Should I continue to give my child their normal food?
- children should be offered food if they are hungry, even if diarrhoea continues; continuing to feed your child can speed up recovery and can reduce the length of time your child has diarrhoea
- your child may refuse food at first – this is not a problem as long as fluids are taken
- if possible do not stop food for more than 24 hours
- starchy simple foods are best – try and offer foods such as bread or toast, porridge, rice, potatoes, plain biscuits, yoghurt, milk pudding
What foods should I avoid?
Do not give your child fatty or sugary foods such as:
- chippies, sweets, cakes, chocolate, ice cream, cream, coconut cream
Will my child need any medicines?
Do not give medicines to reduce your child’s vomiting or diarrhoea. They do not work and may be harmful or make the diarrhoea worse.
Viral gastro can not be treated with antibiotics. The body will clear out the virus on its own without treatment.
What can I do for my baby’s sore bottom?
Diarrhoea can cause a rash; after each bowel motion wash and dry your child’s bottom well and then apply a protective cream or ointment (such as zinc and castor oil cream or Vaseline).
How can I tell if my child is dehydrated?
Dehydration is the loss of fluid, due to vomiting and diarrhoea. The younger the child, the easier it is for them to become dehydrated.
Watch for signs of dehydration:
- dry mouth and tongue
- sunken eyes
- cold hands and feet
- unusual sleepiness or lack of energy
- fewer wet nappies or not passing as much urine as usual
If your child has any of these signs, you need to take them to see a doctor urgently.
When should I seek help?
You should see your doctor if:
- your child’s diarrhoea continues for more than ten days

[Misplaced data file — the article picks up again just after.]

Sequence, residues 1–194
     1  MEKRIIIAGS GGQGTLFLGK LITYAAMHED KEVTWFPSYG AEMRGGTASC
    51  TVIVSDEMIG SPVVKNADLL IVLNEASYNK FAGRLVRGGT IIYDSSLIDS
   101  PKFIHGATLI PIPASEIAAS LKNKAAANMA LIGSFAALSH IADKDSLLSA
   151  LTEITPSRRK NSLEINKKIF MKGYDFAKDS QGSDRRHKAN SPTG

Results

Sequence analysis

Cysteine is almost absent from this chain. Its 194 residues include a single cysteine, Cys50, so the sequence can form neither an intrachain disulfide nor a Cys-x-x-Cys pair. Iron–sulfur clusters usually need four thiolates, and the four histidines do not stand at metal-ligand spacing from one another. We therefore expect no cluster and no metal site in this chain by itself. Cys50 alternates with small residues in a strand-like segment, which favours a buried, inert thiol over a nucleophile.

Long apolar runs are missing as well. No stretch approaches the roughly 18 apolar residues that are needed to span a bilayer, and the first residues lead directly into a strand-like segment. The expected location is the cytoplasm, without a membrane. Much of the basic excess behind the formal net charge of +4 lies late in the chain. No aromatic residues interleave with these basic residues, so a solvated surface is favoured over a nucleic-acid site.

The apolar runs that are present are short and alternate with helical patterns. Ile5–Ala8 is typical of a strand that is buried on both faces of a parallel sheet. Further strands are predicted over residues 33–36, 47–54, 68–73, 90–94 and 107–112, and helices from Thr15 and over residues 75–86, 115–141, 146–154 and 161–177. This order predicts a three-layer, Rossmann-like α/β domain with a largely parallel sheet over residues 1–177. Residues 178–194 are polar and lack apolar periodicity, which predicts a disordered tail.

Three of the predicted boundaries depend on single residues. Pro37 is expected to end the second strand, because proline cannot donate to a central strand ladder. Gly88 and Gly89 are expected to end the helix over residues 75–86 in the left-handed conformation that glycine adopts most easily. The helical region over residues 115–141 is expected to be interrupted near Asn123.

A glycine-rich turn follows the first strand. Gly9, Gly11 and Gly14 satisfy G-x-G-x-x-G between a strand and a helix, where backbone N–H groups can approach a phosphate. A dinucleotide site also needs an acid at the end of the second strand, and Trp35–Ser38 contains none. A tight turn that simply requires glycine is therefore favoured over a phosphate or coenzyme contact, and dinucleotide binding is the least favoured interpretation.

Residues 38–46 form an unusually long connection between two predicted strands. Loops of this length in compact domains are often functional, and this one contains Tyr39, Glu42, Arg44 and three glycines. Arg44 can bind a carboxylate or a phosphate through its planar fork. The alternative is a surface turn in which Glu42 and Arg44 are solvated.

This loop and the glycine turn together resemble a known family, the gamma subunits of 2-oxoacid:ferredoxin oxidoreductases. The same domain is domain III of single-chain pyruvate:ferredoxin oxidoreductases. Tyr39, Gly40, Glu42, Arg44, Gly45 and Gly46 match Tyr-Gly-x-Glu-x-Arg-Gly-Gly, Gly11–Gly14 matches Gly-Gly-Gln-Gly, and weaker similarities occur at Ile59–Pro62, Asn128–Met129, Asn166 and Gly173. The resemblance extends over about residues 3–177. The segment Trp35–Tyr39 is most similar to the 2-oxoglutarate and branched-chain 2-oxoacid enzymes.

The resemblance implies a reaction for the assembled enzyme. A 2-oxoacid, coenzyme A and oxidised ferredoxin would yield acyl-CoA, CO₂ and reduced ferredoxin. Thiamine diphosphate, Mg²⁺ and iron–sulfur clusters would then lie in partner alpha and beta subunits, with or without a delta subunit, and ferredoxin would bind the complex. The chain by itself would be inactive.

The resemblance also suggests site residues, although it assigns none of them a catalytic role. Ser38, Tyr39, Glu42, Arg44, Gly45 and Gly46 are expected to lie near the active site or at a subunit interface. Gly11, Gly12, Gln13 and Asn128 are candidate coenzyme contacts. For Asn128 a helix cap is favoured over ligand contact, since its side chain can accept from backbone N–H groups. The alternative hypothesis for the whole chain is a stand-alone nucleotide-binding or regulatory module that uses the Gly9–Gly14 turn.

You should see your doctor or after hours medical centre urgently if:
- your child has vomiting and / or diarrhoea and is less than six months old – babies can become dehydrated and unwell quickly
- your child is drowsy and difficult to rouse
- your child has a lot of diarrhoea (eight to ten watery motions per day)
- there is blood or mucus in your child’s poo
- vomiting is increasing or your child is unable to keep fluids down
- your child develops severe stomach pains
- your child shows signs of dehydration (see How can I tell if my child is dehydrated?)
- you are concerned for any other reason
Dial 111 within New Zealand for urgent medical help (use the appropriate emergency number in other countries) if you are very concerned about your child.
How can I help prevent the spread of gastroenteritis?
Gastro spreads very easily to others. You can help prevent spreading the disease by:
- thorough handwashing – especially after going to the toilet, after nappy changing and before handling food; encourage your child to wash and dry their hands after using the toilet
- thorough cleaning of your toilet and bathroom areas
- washing dirty clothing, in hot water preferably, and rinsing separately from the rest of the family laundry
- avoiding sharing food and drinks
- keeping your child away from friends and other children until vomiting and diarrhoea have stopped; children with diarrhoea must stay away from daycare, kindergarten and school until the diarrhoea has stopped
© Paediatric Society of New Zealand and Starship Foundation 2005 – 2014
Printed on 27 November 2014. Content is regularly updated so please refer to www.kidshealth.org.nz for the most up-to-date version